• Sami Wong, Concept M (Asia Pacific)
    The Impact of Mobile Internet on Chinese Gen Y Identity
    The ‘Empty Heart Syndrome’ is a newly described psychological phenomenon of the Chinese Gen Y. It is an interesting term as it highlights the current challenges that this group of young people is facing, especially the confusion with their identity formation. In this talk, we will explore the role of mobile Internet and its impact on their identity formation. We will also explore how we, as marketers, create valuable products and service experiences, and assist them in discovering a more full-hearted lifestyle.
  • Caroline HayterAcacia Avenue
    A quick, instinctive guide to System One
    System One and System Two have entered the vernacular in marketing circles. They’re sometimes used as today’s equivalent of ‘right brain, left brain’. But what are they really? Is this accurate? And how can we put these principles into practice in a way that improves the quality of our work? From this session, you’ll get a clear definition of System One and Two, and some clear pointers for how to use them in your day to day jobs. You won’t ever approach idea development – concept, creative, packaging – in the same way again…
  • Heval Ceylan-Gilchrist, MESH Experience
    Context is Queen
    The picture is not always what you think it is!  Learn why decisions taken using traditional survey data might be regretted when context is considered. See beyond reaching people to understanding when to engage with them.  Discover how to moderate marketing activity in response to PR crises.  In a programmatic digital world, understand how to positively amplify customer experience touchpoints and find out how to build context into your marketing measurement.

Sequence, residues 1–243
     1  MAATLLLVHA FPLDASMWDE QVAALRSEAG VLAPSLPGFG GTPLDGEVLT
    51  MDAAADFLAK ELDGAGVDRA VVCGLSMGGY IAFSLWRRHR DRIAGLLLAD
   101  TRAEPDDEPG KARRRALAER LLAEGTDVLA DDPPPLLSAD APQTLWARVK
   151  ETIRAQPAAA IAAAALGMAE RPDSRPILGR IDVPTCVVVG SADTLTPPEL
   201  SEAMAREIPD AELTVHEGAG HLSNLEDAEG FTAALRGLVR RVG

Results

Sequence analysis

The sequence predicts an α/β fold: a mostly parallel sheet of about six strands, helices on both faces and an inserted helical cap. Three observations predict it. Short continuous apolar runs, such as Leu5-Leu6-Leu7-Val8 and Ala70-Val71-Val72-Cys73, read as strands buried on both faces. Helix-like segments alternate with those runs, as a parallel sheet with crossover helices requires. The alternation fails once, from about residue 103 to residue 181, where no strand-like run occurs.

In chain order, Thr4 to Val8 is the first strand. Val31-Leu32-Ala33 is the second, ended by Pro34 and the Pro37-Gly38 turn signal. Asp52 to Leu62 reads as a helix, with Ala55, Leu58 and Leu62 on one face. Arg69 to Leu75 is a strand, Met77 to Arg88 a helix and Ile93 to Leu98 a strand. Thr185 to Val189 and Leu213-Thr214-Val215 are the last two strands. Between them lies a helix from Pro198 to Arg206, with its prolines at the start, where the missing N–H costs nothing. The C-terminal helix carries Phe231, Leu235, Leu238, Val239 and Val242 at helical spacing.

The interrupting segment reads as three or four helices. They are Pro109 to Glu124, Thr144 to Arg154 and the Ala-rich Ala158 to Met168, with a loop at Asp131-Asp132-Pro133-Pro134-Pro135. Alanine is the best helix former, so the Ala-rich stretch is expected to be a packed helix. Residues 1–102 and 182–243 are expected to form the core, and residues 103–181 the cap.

• Andy Buckley and Hannah Haig, Join the Dots
    The 6 R’s of great video research
    Video-based research is growing fast, and there are a plethora of tech solutions being offered. But the tech is becoming increasingly similar, and the main value will come from the researchers. The presentation will look at issues such as creating the right design, working to find the right people, asking the right questions and knowing what not to ask.
  • Daniel Fazekas, Bakamo.Social
    Dark side of insight: How traditional research glosses over real consumer behavior
    Traditional research has boundaries. It acts within the confines of social conventions of what is and isn’t proper. But, this means much of reality is lost in research. Maybe you don’t want to hear it – but you should. This is what social media qual can do. Finding insights without asking takes you into a hidden reality, sometimes shocking, other times mundane and happy.
  • Tom Cantle, Irrational Agency
    Cognitive Semiotics: where artistic interpretation meets science
    Behavioural science has made significant inroads into market research in recent years and even though the study of signs and symbols has a lot in common with it, semiotics is perhaps the only MR discipline that is largely untouched by the “behavioural revolution” – until now. The emerging scientific discipline of cognitive semiotics allows us to add an objective, quantifiable dimension to the previously subjective practice.  Unlike traditional semiotics, it goes beyond the individual researcher interpreting signs and symbols by drawing on existing behavioural science studies to create hypotheses that are tested with real consumers to see how small changes can make a big difference.

Register for Session 1 here.

Register for Session 2 here.